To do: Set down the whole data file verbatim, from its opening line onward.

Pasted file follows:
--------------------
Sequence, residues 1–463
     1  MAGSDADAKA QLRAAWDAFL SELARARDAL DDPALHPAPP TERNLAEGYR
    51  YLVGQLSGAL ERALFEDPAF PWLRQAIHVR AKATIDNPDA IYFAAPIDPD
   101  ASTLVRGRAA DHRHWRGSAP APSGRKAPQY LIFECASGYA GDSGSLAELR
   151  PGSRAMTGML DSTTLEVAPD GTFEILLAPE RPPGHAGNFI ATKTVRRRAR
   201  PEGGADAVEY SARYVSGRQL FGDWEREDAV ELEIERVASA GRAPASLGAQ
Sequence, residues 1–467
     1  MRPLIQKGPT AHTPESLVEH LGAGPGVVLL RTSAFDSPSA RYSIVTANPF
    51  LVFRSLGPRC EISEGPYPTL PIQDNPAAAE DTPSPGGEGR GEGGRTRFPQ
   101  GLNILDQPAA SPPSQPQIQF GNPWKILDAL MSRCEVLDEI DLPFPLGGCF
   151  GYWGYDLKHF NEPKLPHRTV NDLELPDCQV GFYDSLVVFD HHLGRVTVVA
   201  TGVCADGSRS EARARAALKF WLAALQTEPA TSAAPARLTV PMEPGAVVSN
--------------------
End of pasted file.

Sequence, residues 1–463
     1  MAGSDADAKA QLRAAWDAFL SELARARDAL DDPALHPAPP TERNLAEGYR
    51  YLVGQLSGAL ERALFEDPAF PWLRQAIHVR AKATIDNPDA IYFAAPIDPD
   101  ASTLVRGRAA DHRHWRGSAP APSGRKAPQY LIFECASGYA GDSGSLAELR
   151  PGSRAMTGML DSTTLEVAPD GTFEILLAPE RPPGHAGNFI ATKTVRRRAR
   201  PEGGADAVEY SARYVSGRQL FGDWEREDAV ELEIERVASA GRAPASLGAQ
Sequence, residues 1–467
     1  MRPLIQKGPT AHTPESLVEH LGAGPGVVLL RTSAFDSPSA RYSIVTANPF
    51  LVFRSLGPRC EISEGPYPTL PIQDNPAAAE DTPSPGGEGR GEGGRTRFPQ
   101  GLNILDQPAA SPPSQPQIQF GNPWKILDAL MSRCEVLDEI DLPFPLGGCF
   151  GYWGYDLKHF NEPKLPHRTV NDLELPDCQV GFYDSLVVFD HHLGRVTVVA
   201  TGVCADGSRS EARARAALKF WLAALQTEPA TSAAPARLTV PMEPGAVVSN